Officials at Northeastern Oklahoma A&M College say the safety and health of their students was the first concern after the recent flood left the campus devastated.
But students and parents are outraged that they were not allowed to remove their personal belongings when the flood receded.
“My daughter had been out of the country when the flood went through Miami,” Lakelani Suiaunoa said. “How is it that the maintenance department or whomever at the college gutted (her) apartment without anyone having knowledge.”
Suiaunoa is the mother of two NEO A&M campus residents. She said that many of her daughter's personal affects were out of the reach of floodwaters and could not have been contaminated.
“I understand several students had cash stashed away and was eager to get in to retrieve it only to find out that everything was gone,” Suiaunoa said.
According to Christen Stark, NEO public relations director, campus officials were informed by professionals at Liberty Occupational Health Management, an environmental agency, that the level of contamination was so high in the campus apartments that it posed a serious health risk.
“The items in the first floor apartments were seriously contaminated,” Stark said. “We have a responsibility to the health and safety of our students and we could not allow them to be exposed to this type of contamination.”
Rob Thompson, president of Liberty OHM, said the levels of sewage in the apartments posed a serious risk for contagious disease.
“Hepatitis was our main concern,” Thompson said.
While most of the students were appreciative that the school was concerned for their health, many of them argued that the school did not have the right to make the decision to destroy their personal belongings without consulting them first.
One student said his father's wedding ring, some bonds, money and pictures were in a metal box on the second floor of the campus apartments and school officials allowed his belongings to be destroyed.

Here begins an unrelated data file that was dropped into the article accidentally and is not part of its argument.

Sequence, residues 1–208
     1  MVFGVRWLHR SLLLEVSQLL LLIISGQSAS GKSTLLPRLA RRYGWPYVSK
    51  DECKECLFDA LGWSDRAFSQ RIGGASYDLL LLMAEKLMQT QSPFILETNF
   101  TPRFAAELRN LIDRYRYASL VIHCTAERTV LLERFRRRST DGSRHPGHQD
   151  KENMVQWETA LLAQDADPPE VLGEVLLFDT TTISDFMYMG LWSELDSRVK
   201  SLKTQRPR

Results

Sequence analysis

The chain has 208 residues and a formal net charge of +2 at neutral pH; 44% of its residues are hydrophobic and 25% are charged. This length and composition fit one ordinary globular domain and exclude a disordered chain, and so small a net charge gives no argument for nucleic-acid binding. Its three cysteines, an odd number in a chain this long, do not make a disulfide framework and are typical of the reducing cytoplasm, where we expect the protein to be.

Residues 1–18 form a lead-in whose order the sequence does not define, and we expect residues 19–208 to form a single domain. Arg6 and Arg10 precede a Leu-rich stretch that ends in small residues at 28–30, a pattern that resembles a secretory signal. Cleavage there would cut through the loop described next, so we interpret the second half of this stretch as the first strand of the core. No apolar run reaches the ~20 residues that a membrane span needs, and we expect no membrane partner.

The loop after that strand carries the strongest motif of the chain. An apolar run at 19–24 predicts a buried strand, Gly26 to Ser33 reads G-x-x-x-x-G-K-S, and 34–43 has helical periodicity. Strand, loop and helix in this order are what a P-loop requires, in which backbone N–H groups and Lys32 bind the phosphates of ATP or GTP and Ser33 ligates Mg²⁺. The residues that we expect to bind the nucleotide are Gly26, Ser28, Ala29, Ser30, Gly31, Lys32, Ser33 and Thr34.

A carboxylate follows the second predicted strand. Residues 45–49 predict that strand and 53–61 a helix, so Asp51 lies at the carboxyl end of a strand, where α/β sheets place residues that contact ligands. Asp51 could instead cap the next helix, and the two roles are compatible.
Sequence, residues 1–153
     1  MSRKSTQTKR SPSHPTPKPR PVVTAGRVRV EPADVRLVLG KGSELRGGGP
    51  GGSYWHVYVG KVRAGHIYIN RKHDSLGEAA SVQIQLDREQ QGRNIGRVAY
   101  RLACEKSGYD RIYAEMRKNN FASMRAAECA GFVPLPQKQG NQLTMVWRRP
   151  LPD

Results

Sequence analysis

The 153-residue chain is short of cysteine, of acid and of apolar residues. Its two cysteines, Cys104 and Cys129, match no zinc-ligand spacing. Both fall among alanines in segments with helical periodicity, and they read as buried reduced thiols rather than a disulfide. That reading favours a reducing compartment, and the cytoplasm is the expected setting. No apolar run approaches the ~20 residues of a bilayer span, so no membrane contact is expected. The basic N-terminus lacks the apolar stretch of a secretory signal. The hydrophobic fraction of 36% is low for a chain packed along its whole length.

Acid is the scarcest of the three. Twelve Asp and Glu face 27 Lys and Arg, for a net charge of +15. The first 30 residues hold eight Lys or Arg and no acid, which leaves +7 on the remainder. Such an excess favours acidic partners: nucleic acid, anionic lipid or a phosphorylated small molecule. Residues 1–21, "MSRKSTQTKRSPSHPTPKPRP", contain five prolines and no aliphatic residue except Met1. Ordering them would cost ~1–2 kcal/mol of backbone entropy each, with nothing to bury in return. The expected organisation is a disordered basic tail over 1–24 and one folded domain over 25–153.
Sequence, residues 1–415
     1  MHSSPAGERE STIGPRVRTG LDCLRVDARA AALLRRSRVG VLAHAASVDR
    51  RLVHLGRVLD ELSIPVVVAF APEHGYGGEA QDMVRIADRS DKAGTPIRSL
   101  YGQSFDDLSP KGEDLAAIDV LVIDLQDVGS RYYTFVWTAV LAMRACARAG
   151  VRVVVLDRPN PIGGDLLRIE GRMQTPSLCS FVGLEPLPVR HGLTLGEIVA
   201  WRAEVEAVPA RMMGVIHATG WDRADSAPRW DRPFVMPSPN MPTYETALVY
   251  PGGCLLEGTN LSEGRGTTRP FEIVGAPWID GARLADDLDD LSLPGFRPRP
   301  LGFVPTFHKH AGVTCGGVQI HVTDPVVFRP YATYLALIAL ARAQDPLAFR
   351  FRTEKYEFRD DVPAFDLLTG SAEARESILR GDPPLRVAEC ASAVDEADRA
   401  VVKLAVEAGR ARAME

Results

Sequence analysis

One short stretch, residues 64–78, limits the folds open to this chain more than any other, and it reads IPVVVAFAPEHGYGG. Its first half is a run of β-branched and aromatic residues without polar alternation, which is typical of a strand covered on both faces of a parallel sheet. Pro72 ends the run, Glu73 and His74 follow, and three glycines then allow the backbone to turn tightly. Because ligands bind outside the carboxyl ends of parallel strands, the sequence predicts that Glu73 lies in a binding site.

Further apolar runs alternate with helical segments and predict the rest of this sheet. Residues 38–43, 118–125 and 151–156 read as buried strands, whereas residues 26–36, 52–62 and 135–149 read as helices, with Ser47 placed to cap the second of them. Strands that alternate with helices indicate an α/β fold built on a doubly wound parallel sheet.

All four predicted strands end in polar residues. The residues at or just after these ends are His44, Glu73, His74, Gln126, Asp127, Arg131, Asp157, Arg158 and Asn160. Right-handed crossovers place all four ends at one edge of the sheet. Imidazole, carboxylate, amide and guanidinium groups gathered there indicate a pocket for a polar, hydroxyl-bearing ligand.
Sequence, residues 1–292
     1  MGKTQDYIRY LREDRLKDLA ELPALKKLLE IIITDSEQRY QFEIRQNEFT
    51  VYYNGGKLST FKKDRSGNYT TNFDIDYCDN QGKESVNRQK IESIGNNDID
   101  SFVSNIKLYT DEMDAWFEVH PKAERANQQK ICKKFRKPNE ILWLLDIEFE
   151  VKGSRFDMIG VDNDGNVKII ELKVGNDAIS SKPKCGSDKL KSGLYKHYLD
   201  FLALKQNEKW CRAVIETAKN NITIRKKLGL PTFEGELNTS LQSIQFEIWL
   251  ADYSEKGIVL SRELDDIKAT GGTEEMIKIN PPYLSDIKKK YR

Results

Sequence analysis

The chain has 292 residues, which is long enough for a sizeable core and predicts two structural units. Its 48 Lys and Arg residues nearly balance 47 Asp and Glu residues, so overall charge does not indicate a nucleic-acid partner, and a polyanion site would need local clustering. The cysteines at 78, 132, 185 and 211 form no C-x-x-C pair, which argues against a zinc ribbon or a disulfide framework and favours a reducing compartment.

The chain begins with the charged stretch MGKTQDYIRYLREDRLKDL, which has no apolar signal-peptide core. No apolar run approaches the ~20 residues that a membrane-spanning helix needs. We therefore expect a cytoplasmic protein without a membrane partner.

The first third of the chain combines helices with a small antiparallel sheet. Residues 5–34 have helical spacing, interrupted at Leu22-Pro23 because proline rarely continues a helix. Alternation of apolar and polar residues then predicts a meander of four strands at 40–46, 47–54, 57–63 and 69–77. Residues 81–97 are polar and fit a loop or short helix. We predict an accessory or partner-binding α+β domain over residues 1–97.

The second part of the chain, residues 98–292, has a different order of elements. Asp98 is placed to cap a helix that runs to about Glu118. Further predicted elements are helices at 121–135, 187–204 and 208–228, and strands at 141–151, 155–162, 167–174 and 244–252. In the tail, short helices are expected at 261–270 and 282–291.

“There was no flood damage to my apartment,” the NEO student said.
According to Stark, air quality was also a concern and many of the apartments were gutted because of the contaminants in the air.
Felix Ontiveros, representing TRC Restoration, said the sewage left behind when the floodwater receded was 1 to 2 inches deep and covered everything in the apartments.
“Everything was very contaminated in those apartments,” Ontiveros said. “It would not have been safe for those students to return to retrieve their belongings.”
Ontiveros said that, if contractors who cleaned the debris from the apartments found items that were salvageable, they were given to the campus police.
“We did our best to save whatever we could,” Ontiveros said. “But, you have to understand what kind of mess we were dealing with.”
Ontiveros said the contents of the apartments settled to the floor when the water receded, heaping wet paper, fabric and sewage into piles.
“What was recovered was handed over to campus police,” Ontiveros said.
According to authorities, very little was turned in to the campus police department and what personal items were salvaged have been returned to the students.
Students say personal property is not the only thing they were left without since they fled the flood on July 2.
Deek Brookhart said many students were left “homeless and hungry.”
“The college basically told us to find our own shelter and food, yet to attend our summer classes as scheduled,” Brookhart said. “Some students can't work due to the flood, thus leaving them with no money for food or a decent place to stay.”
Brookhart said many students were dependent upon local shelters for the first two weeks.
According to Red Cross Volunteer Nellie Kelly, there were still NEO students in the shelter over the weekend who had not found temporary housing.
Some college employees opened their homes to students and various organizations throughout the community also offered housing to the displaced students, according to Stark.
“If there are still students that have not found temporary housing, they need to contact me,” Stark said. “We can't help them if we don't know they need help.”
Stark can be reached at the office of public relations or by calling her at 540-6211.
The college is sponsoring a clothing drive for displaced students.
Students affected by the flood can visit the college library during regular business hours where clothing donations have been stored.